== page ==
Saturday, July 19, 2008

The Dark Knight

This weekend The Dark Knight broke box office records, a remarkable feat for a movie that was not released in May. The reason may well be simple. With The Dark Knight Christopher Nolan has given us a remarkable film that is unlike any superhero movie ever made.

There are those who will say that he has transcended the genre, but as a comic book fan I know this is not true. After all, comic books are capable of great artistic works. What Nolan has done instead is brought Batman back to his roots, as a dark knight who had more in common with pulp heroes such as The Shadow and The Spider than his fellow comic book heroes such as Superman and Captain Marvel. The early Batman stories were dark, gritty and full of violence. In the first Joker story alone, The Joker killed four people. In the second story featuring the Harlequin of Hate, he killed seven more. This was the world of the early Batman stories and Nolan has translated that world perfectly to the screen.

Indeed, Heath Ledger's realisation of The Joker on the big screen may be all the more chilling for fans of the comic books, because Ledger has grasped the heart of the character in a way that no actor before him (not Jack Nicholson and certainly not Caesar Romero) ever has. Even for people not familiar with the comic books, Ledger's performance of The Joker must go down as one of the most terrifying in film history. His Joker does not commit murder and mayhem for profit or an agenda or any rational reason. As Alfred, Bruce Wayne's loyal butler observes, "Some men just want to watch the world burn." This makes The Joker all the more frightening, for his acts of terror simply cannot be predicted.

While much is made of Heath Ledger's performance, it would be unfair not to state that the whole cast of this film gives what may be the best performances of their careers. Christian Bale stands out as Bruce Wayne and The Batman, pondering if perhaps if it is time for The Batman to retire with the arrival of earnest, new district attorney Harvey Dent. Aaron Eckhart is excellent as Harvey Dent, the crusading DA who has his own share of darkness to deal with, Both Michael Caine and Morgan Freeman give their best as Batman's allies, Bruce Wayne's butler Alfred Pennyworth and Lucius Fox, CEO of Wayne Enterprises and Batman's armourer. Gary Oldman, after long being the consummate heavy (after all, he played Sid Vicious, Dracula, and Dr. Zachary Smith), proves again he can play a good guy by reprising his role as Lt. Jim Gordon.

There is no shortage of action in The Dark Knight. The movie includes some of the most thrilling action scenes of late to grace the screen, including a three way chase between The Batman, The Joker, and a Gotham City paddywagon. Another highpoint is the first meeting between the Harlequin of Hate and The Caped Crusader at, of all places, a fund raiser held in Wayne Tower. And the film is undoubtedly cinematic in scope and epic in scale. Some scenes were shot using IMAX technology. One scene will particularly stand out in viewers' minds, as Batman stands atop a skyscraper (possibly the tallest in Gotham) looking out over the city, right before leaping downwards, his bat cape unfurling like wings.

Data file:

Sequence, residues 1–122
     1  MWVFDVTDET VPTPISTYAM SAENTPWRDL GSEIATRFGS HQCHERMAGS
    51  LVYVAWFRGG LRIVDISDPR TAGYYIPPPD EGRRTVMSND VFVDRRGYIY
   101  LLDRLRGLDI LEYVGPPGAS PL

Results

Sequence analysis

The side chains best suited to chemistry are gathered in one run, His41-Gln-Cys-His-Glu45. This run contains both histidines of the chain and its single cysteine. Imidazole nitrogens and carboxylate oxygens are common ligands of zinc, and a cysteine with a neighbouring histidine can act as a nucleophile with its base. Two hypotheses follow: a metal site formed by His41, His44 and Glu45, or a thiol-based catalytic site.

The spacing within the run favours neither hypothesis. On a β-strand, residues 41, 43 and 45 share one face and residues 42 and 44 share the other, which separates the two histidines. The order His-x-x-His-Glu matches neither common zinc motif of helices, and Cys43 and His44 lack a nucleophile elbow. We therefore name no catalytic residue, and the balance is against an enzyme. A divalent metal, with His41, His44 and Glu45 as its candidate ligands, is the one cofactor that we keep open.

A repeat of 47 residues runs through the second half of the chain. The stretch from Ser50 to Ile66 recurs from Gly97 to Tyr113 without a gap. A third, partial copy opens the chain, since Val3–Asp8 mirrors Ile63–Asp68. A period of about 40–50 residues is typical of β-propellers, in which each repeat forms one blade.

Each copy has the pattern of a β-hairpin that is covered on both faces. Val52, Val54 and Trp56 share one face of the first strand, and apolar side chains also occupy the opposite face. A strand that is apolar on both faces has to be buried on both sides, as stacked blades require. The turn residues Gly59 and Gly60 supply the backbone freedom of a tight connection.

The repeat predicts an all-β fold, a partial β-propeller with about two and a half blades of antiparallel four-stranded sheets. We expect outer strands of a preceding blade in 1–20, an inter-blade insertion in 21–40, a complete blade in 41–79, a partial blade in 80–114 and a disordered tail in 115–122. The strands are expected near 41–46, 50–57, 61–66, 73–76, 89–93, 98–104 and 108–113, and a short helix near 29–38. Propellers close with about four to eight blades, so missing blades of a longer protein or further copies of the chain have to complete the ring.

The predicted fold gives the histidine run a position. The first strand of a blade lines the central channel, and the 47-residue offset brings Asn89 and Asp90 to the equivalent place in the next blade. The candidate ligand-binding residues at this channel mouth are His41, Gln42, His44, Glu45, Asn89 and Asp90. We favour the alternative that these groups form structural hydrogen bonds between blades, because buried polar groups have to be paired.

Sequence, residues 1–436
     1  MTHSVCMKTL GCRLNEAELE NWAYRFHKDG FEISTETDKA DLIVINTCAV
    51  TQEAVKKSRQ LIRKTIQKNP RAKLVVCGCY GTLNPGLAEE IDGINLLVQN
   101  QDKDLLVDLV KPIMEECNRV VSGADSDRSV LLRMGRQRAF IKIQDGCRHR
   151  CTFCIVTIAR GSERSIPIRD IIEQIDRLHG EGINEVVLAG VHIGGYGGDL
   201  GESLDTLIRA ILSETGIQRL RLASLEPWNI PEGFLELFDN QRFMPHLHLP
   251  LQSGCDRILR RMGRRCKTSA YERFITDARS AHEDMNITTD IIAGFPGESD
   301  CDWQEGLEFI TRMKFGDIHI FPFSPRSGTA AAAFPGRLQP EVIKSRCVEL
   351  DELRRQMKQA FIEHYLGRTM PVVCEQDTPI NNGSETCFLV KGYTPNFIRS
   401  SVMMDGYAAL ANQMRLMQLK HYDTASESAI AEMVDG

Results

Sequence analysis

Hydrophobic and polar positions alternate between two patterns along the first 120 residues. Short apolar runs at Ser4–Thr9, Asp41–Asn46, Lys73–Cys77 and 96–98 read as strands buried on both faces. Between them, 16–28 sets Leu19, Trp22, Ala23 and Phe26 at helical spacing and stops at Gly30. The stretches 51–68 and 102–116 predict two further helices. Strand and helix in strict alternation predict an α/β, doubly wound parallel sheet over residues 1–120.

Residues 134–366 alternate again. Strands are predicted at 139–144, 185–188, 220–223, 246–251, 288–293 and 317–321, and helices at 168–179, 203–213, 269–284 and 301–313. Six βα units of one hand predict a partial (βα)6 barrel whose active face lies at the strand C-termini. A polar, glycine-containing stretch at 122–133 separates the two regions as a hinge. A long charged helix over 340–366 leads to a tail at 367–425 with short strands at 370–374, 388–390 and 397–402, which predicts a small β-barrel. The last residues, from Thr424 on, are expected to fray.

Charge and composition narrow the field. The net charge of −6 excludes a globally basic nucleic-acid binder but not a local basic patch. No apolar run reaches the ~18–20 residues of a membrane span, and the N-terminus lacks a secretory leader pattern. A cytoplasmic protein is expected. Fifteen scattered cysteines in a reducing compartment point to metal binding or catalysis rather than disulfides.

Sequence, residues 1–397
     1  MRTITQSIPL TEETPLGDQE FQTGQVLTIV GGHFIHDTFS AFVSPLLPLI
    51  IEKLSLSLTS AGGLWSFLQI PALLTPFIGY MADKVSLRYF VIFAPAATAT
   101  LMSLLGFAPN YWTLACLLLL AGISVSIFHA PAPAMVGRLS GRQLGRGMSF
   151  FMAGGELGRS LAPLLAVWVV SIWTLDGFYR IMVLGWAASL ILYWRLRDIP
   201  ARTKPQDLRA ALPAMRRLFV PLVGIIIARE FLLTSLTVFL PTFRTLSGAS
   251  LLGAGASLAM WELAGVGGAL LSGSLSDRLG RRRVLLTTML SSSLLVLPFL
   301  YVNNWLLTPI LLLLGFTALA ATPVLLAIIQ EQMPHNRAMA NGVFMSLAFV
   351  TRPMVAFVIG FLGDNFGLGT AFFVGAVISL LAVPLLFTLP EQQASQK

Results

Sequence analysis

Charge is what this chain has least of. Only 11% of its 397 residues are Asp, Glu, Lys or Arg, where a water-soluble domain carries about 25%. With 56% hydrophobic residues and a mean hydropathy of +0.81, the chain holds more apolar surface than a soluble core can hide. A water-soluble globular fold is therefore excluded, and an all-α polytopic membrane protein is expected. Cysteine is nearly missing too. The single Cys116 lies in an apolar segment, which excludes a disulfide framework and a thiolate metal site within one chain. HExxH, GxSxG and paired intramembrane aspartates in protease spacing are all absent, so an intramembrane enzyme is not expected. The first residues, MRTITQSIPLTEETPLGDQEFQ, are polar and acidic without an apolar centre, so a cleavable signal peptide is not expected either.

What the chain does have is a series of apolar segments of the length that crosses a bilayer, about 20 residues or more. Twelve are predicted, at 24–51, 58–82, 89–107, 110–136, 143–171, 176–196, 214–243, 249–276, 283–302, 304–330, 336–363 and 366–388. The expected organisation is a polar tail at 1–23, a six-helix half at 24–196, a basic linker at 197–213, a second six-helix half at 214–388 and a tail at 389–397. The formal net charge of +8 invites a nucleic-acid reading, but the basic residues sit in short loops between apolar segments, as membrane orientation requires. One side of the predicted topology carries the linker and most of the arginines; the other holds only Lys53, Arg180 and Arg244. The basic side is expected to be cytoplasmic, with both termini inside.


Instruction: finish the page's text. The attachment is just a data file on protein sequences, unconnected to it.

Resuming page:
The Dark Knight is ultimately much more than a superhero movie. In many respects, this is very much a crime drama, with more in common with the pulps of old and movies such as The Road to Perdition (itself based on a graphic novel) than the Spider-Man. It is definitely not a movie for children. Not only might they be disturbed by The Joker's acts of violence (at one point he kills a mobster with a pencil....), but they probably would get lost in what is a complex, deeply psychological plot.

There are those who will chalk up the movie's already incredible box office to the death of Heath Ledger (The Joker was his last completed role). I suspect it is much more than that. Batman is perhaps the superhero with the most visceral appeal, an ordinary man (albeit a rich one) who has built himself to the peak of perfection and chosen to fight crime. Is it any wonder that in 1966 and 1989, and now perhaps again, the world was in the grip of Batmania? But more than that, it may be because Christopher Nolan has given us a truly remarkable film. The Dark Knight is a true epic, a crime drama in which the hero wears a bat suit and the villain is a psychopathic clown. Alongside such recent entries as Iron Man, it certainly shows what superhero movies can be. In fact, I dare say, The Dark Knight may be the greatest superhero movie of all time.

Friday, July 18, 2008

Hellboy II: The Golden Army

Guillermo del Toro has directed well received genre movies and critically acclaimed films. His movie, El laberinto del fauno (Pan's Labyrinth) not only received critical acclaim, but received six Oscar nominations. It won three. Mike Mignola worked on such comic book projects as Batman: A Death in the Family and Gotham by Gaslight. In 1994 he created the Hellboy series. Not only would Hellboy become a cult favourite, but would go onto win both Harvey and Eisner awards. Del Toro's 2004 movie Hellboy would change Hellboy from a cult character to a household name.

Hellboy II: The Golden Army is not of the same quality as El laberinto del fauno. I do not think it is even as good as the first Hellboy movie, but it is nearly its equal. Del Toro has once more succeeded in giving us another very fine and very entertaining film.

In this go around Hellboy and his comrades at the Bureau for Paranormal Research and Defence find themselves in the position of having to prevent all out war between mankind and the world of fairy tale creatures (fairies, trolls, and so on). It seems that there has been a truce between man and the fairy world for thousands of years, and now Prince Nuada of Bethmoora wishes to break the truce for total war on man.